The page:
U20s World Cup creeping up

USA U20 won the Junior World Trophy, and promotion to top tier competition.

Having won the Junior World Trophy last year, the USA Under-20s debut in the World Cup is creeping up on us.

As forwards’ coach, I know the size of the task that awaits us when we take on the big boys of world rugby.

Many of the sides that we will play against will have professional rugby players in their ranks and we will start our group games with a game against South Africa.

Talk about a rude awakening.

We will have to learn quickly and set ourselves goals that we can realistically achieve. We will go there with confidence and we will not be going there to make up the numbers.

There is a new head coach in charge now in the form of Jason Kelly and we have begun the task of picking our squad by holding two separate training camps.

We have had a ‘west coast combine’ and an ‘east coast combine’ with the best players from those areas coming together for four days of intensive training. The best ones from both meets will then got to Las Vegas next month as a group and start preparing.

Of course we should be outclassed against guys who have come up through big clubs’ academies and have been professionals for two or three years.

But there are still ways in which we can make an impact. I have said many times that any USA side will never be short of physicality. Our game plans will be simple, our set piece needs to be solid and we will need a very strong defence which will be need to be very disciplined.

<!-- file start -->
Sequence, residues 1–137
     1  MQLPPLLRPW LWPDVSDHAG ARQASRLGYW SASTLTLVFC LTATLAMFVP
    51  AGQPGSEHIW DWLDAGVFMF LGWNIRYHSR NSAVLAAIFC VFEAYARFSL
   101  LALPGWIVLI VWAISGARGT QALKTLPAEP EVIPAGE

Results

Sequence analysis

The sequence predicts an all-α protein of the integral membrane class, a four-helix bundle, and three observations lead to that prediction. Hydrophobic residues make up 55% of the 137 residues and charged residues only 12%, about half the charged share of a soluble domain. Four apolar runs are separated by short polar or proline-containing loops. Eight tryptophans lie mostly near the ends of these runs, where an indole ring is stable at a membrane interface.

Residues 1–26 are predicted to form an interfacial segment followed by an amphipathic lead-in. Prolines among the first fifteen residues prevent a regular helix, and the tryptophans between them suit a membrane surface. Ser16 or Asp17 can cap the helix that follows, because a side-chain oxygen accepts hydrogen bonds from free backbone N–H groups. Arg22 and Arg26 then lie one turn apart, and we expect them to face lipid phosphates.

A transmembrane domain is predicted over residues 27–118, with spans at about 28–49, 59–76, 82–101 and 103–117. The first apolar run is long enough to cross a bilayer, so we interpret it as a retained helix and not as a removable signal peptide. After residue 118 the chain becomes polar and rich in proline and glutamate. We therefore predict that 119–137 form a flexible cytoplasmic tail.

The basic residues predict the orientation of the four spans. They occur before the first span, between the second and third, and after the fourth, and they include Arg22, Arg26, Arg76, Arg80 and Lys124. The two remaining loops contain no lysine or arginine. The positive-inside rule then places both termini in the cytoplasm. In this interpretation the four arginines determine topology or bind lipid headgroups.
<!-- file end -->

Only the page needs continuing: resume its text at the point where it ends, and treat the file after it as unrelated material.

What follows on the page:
But we also want to let the boys play a bit and some of our guys could make a name for themselves on the world stage and, perhaps earn themselves a contract in other parts of the world.

There is a strong Pacific Islands flavour to the set up here in the USA, especially on the west coast. We get a lot of players who come to this country from American Samoa and they all have American passports. We have some seriously exciting players from that background.

We hope to ruffle a few feathers and the guys know full well that last year’s final was played in front of 30,000 people. That sort of exposure and atmosphere would be amazing.

Personally, I am looking forward to pitting my wits as a coach against some of the best in the world.

Someone like Mike Ruddock, who is in charge of the Ireland side, has won a Six Nations Grand Slam as a coach. It will be exciting to put sides out against his and not only see what happens but sit down with them afterwards and ask where were we good and where were we bad. There will hopefully be much to learn.

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